Pawnee Indian Museum - Exhibits
Pawnee Indian Museum exhibits are featured surrounding the excavated earth lodge floor, and along the trail.
The museum is built around and over the excavated floor of a Pawnee earth lodge. As you walk around the perimeter of the lodge, exhibits tell the story of the Pawnee people and the history of the site. View a rare sacred Pawnee bundle and other Pawnee artifacts and photos. Listen as the voice of a Pawnee elder describes her people's culture. After viewing the museum, take a walk along the path that winds through the depressions where other earth lodges once stood. Then stroll the Kitkahakis nature trail and let your imagination take you back to the time when the Kitkahaka Pawnee walked these same trails in search of game, returned from a raid, or went to the garden areas to farm. The nature trail includes a picnic area.
A computer display in the museum lobby allows visitors to deepen their understanding of native cultures. View short videos of the archeological excavation that took place at the site in June 2008. Listen to and learn several words from the disappearing Pawnee language, including both the Skidi and South Bands dialects, or hear a 1930 Pawnee oration by Henry Chapman. Explore the Native American Grave Protection and Repatriation Act (NAGPRA) and concerns about American Indian remains while watching the award-winning 10-minute video Bones of Contention; Battling for Human Dignity at the Salina Indian Burial Pit.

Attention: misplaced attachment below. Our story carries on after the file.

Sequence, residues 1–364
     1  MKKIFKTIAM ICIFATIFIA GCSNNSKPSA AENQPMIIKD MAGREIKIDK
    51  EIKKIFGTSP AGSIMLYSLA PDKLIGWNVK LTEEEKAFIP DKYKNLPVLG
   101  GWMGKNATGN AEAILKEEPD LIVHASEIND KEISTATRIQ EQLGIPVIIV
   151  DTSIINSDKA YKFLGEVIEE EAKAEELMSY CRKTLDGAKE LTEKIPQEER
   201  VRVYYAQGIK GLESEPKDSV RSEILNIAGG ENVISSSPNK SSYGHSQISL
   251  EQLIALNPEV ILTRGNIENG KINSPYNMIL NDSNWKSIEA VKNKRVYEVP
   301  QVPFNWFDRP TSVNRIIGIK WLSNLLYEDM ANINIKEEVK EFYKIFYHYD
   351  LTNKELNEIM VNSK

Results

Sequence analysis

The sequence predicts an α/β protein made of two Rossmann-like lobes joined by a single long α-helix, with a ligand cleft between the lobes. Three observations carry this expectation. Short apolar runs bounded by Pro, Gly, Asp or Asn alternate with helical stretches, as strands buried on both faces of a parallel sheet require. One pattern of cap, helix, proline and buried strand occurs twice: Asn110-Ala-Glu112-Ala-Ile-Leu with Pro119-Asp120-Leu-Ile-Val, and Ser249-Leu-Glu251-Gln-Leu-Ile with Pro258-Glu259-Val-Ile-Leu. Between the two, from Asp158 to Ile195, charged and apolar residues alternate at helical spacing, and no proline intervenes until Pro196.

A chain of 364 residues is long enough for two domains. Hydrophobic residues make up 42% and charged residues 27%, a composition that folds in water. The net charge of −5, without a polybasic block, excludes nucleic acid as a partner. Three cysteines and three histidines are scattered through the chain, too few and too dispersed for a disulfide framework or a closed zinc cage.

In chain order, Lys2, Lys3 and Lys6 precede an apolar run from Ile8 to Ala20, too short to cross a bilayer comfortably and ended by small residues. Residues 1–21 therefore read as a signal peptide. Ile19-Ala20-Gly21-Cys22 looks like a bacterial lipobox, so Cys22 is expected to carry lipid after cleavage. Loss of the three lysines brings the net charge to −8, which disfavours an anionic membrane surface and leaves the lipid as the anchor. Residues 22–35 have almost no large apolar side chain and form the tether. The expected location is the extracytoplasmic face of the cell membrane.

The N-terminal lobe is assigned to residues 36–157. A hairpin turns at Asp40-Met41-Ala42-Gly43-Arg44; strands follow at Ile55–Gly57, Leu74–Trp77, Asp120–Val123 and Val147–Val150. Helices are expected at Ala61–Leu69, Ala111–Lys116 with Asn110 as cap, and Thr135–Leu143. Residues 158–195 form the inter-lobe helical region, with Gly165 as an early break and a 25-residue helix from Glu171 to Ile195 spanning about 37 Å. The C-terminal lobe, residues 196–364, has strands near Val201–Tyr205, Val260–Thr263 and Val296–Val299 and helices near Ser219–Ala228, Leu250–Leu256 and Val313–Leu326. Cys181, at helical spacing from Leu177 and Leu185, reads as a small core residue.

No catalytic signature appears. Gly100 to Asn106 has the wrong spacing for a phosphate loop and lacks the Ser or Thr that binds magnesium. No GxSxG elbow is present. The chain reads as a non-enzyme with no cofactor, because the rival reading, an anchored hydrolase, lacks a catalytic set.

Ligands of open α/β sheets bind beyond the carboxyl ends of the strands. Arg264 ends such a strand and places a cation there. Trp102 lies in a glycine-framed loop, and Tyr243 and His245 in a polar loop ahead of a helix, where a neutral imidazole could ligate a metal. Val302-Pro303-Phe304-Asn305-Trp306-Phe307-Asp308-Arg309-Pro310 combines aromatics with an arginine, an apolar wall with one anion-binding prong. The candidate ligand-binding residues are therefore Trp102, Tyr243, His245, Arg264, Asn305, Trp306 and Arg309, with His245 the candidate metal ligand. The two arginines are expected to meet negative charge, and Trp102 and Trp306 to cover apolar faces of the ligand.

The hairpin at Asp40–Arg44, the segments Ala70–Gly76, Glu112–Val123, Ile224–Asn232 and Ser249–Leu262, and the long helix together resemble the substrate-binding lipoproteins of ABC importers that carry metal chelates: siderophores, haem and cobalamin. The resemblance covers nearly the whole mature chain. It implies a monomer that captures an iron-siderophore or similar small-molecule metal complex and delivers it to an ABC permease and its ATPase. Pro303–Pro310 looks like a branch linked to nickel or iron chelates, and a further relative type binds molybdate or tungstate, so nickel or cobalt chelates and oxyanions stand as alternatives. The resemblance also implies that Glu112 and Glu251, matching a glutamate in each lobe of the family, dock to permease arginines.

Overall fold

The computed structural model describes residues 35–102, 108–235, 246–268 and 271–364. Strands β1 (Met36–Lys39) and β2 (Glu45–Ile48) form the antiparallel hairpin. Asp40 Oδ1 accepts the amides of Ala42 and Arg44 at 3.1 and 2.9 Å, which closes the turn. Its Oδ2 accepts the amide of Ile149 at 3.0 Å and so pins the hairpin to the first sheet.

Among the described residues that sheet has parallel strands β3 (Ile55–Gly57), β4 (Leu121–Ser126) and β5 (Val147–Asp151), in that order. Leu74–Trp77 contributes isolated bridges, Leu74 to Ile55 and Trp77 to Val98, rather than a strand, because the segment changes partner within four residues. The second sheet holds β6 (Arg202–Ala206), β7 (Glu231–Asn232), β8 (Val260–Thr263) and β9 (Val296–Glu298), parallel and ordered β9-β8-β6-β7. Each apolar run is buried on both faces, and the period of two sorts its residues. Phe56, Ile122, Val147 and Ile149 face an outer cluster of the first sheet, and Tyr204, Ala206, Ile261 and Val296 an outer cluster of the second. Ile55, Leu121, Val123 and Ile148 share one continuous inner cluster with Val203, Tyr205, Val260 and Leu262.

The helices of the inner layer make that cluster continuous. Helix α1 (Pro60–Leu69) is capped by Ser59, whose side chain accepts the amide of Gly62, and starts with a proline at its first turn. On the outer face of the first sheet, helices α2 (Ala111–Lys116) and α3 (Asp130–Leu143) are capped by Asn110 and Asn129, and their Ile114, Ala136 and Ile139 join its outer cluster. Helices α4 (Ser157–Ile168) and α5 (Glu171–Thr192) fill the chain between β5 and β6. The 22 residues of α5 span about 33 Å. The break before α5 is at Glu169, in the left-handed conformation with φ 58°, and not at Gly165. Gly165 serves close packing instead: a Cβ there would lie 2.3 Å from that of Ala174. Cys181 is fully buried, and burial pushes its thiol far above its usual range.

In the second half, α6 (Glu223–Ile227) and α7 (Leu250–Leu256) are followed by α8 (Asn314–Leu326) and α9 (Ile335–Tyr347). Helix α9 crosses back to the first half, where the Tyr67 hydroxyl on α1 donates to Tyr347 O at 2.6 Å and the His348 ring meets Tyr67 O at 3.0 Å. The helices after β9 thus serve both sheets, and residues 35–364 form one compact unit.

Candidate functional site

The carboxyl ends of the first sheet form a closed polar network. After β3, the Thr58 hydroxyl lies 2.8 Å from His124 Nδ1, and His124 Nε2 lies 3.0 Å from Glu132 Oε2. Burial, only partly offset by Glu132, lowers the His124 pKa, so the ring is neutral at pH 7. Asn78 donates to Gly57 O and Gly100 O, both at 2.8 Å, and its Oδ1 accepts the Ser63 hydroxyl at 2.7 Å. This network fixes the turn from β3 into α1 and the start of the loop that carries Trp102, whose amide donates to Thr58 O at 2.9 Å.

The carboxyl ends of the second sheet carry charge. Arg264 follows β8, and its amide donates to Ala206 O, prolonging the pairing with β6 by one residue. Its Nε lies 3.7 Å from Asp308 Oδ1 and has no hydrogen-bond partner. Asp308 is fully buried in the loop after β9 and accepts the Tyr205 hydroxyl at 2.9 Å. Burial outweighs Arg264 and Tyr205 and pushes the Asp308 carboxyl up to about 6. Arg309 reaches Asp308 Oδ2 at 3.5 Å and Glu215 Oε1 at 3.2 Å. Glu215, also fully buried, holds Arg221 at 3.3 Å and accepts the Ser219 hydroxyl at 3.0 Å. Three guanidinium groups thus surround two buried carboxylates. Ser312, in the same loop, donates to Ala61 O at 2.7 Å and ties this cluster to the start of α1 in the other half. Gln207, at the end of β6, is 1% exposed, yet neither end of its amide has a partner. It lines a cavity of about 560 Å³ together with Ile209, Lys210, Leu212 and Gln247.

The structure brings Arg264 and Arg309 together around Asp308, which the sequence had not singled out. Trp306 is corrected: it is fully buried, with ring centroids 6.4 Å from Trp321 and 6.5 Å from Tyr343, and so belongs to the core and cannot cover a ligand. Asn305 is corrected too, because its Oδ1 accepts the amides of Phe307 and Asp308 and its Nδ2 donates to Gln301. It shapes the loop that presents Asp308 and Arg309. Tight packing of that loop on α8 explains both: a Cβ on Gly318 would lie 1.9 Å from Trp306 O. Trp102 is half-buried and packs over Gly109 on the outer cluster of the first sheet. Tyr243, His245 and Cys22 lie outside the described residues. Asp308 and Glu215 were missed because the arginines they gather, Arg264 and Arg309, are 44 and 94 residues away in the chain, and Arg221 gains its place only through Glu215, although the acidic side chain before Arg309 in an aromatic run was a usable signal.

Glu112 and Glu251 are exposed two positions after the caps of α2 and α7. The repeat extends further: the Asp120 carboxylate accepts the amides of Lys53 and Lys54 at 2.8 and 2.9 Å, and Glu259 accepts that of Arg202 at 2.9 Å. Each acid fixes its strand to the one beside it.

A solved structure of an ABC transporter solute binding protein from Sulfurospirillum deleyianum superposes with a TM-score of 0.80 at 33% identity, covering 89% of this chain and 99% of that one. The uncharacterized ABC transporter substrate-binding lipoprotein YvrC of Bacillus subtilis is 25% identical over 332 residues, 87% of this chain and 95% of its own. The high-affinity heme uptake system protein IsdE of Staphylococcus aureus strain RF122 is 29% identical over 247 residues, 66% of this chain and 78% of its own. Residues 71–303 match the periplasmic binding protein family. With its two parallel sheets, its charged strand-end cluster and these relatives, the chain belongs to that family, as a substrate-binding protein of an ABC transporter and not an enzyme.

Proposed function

Visitors can also use a hand-held viewer to examine stereographs of Pawnee men, women, children, and their earth lodge homes.
- Cool Things - Pawnee Sacred Bundle
Edward Curtis: Unpublished Photographs
March 12 - September 1, 2014
Photographer Edward S. Curtis took more than 40,000 photographs of at least 80 American Indian tribes for The North American Indian, his 20-volume set of books published 1907 - 1930. Several photographs that were not included in the set were recently made available to the public. A large selection of these unpublished photos will be on display at Pawnee Indian Museum.